“Had the first tablets not been broken, the Torah would never have been forgotten by the Jewish people.”
Many of us wonder how it is that we read something and quickly forget it. If only we could remember all that we read and study. Rabbi Eliezer above gives us one hint about retention: if something is engraved upon your heart, you do not forget it. This is how he understands the superfluous words used to describe the Ten Commandments in Exodus 32:16: “engraved upon the tablets.” The verse already mentions the tablets as both the work and writing of God. What could be added by this unusual phrase? R. Eliezer reads it as the relationship we could have had with the original text. Had it not been broken, we would have engraved it within us. It never would have left us.
On Shavuot we celebrate the role of study in our lives by doing additional learning. Many people stay up the whole night immersed in Jewish texts and coffee. Others make a point of attending classes during the daylight hours of the holiday. If you attend as many study opportunities as you indulge in slices of cheesecake, it might help maximize one aspect of the celebration and minimize another!
Another way we celebrate the role of study and how it shapes us as a people is to study the art of studying. How did the rabbis of old believe one should learn and retain knowledge? After all, the great debates of the Talmud are critical not only for their content but also for their method. The rabbis often articulated their notions of pedagogy along with the legal substance of their arguments. They wanted us to know that it is not only about the what and why of knowledge but about the how.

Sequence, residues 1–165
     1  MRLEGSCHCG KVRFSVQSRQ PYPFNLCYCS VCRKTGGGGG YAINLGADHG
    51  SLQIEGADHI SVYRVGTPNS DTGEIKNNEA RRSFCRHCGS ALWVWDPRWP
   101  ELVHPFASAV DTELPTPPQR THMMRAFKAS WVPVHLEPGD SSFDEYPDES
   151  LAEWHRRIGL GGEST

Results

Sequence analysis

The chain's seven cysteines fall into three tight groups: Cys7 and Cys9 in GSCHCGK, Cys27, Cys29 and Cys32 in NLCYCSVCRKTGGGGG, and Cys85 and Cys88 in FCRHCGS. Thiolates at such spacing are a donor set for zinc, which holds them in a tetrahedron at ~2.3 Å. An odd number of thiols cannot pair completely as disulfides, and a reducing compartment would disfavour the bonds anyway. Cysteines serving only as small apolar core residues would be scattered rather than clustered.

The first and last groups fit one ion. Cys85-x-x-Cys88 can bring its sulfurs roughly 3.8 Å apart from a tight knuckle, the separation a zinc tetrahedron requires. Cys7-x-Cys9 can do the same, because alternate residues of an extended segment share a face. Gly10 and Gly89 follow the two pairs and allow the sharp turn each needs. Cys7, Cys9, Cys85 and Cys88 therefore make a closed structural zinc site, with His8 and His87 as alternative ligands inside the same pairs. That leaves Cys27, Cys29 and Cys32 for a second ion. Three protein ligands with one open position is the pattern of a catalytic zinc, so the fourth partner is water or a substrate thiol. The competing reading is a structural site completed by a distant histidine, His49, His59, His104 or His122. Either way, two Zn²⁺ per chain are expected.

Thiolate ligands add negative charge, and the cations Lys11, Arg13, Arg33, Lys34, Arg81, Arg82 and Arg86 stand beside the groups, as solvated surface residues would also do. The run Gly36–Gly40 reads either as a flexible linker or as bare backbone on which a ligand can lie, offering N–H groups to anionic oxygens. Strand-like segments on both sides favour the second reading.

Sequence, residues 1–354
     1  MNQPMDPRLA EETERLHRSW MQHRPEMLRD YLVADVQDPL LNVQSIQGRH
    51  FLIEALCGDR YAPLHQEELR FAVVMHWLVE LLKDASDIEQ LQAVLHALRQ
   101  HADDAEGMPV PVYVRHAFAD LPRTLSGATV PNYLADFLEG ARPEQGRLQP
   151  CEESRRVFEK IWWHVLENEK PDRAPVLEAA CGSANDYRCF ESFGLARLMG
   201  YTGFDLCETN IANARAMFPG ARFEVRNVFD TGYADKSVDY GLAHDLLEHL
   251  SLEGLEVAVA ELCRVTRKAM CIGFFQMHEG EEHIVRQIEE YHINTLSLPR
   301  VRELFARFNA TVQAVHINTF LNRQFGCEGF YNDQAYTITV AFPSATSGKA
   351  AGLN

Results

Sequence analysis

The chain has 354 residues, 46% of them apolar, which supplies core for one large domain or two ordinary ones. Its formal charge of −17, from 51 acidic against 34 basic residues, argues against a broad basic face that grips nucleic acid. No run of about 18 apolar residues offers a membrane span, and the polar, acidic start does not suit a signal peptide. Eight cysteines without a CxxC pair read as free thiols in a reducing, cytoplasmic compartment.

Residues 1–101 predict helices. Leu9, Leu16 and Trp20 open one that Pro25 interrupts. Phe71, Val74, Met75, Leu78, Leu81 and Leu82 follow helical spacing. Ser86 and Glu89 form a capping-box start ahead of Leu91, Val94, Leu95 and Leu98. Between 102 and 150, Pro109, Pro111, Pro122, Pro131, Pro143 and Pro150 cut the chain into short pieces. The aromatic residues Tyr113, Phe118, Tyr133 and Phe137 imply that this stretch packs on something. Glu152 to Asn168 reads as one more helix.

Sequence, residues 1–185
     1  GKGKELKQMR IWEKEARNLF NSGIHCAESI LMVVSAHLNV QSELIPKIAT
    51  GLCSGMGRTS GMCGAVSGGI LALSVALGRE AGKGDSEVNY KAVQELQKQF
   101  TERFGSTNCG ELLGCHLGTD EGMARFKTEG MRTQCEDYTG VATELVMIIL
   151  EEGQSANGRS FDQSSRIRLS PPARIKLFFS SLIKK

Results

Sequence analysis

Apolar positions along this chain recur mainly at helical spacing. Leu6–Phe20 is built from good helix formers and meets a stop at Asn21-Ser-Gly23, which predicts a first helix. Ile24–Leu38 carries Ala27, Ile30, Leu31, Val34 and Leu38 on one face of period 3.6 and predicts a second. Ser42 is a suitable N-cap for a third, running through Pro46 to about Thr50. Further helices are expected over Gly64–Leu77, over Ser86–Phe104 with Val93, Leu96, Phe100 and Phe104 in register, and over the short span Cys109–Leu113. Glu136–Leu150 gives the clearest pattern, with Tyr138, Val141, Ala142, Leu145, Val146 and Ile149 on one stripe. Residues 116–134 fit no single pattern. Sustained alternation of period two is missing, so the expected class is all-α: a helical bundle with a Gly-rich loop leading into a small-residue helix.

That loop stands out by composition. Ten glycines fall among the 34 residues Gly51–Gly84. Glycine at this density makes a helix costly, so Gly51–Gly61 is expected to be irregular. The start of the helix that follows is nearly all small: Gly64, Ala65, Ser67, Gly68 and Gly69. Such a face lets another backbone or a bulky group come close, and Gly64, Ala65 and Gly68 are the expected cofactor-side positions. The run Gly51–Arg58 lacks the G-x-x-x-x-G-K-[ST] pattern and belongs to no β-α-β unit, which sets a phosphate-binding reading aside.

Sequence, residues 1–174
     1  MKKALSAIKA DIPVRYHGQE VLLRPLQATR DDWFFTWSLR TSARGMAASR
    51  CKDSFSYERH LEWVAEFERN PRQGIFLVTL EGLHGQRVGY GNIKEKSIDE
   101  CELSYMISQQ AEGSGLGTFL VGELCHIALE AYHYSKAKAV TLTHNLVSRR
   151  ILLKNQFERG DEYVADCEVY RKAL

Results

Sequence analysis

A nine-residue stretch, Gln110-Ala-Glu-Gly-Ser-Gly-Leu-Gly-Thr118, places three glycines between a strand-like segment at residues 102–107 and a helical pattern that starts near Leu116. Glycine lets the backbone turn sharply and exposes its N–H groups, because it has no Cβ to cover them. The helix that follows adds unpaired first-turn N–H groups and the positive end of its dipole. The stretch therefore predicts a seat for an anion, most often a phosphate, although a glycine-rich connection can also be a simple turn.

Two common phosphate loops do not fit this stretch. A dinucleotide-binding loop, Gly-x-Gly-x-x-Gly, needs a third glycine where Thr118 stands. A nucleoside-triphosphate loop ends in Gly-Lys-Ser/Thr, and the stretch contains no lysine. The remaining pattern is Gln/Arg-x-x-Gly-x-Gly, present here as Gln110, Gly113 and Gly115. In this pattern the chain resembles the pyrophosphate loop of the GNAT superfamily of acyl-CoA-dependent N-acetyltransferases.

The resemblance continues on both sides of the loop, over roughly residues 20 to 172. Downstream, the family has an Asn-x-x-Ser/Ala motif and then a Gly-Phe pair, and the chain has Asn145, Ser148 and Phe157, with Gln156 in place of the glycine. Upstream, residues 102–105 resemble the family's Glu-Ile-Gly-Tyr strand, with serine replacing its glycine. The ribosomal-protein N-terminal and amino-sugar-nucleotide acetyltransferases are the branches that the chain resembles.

Marilyn Vos Savant (her real name, which means “a person of learning”) made it to the Guinness Book of World Records in 1985 as the woman with the highest IQ (190 before the category was retired in 1990). Here is what one of the world’s smartest people - according to this measure - says about learning, “To acquire knowledge, one must study; but to acquire wisdom, one must observe.”
And here is what some rabbis observed about learning in a section of Talmud devoted to the topic (BT Eruvin 54a-55a):
Beruria: “If the Torah is ordered in your 248 limbs it will be secure. If not, it will not be secure.” Make your body language reflect your learning. Animate the words with movement when you study, and they will become yours.
Shmuel: “Open your mouth and read from the Torah. Open your mouth and study the Talmud, in order that your studies should endure in you…” Say the words out loud so that you hear and ingest them.
There was even a discussion of study as medicine to reduce headaches and throat sores, intestinal pain and bone problems. Why? Because, according to Rabbi Yehuda, “It is a drug of life for one’s entire body.” Some sages believed that engaging in learning as an intellectual and spiritual pursuit distracted the mind, allowing the body to take its natural course of healing. If you are sick, however, please see a doctor in addition to opening a book.
The Talmudic passages also mention the virtue of mnemonic devices and of repetition and review – up to 400 times! Collected together, these statements all point to the most important aspect of learning: retention. In the world of scholarship and mastery, it is not the initial stimulation and curiosity of learning. It is all we do to hold on to what we already know, to engrave it in our hearts.
This Shavuot, instead of learning something entirely new, perhaps we can follow the path of ancient Jewish wisdom and study something we’ve studied before, taking new ownership of it as it seeps deeper into our consciousness. Lather, rinse, repeat. Study, apply, repeat.
Shabbat Shalom and Happy Shavuot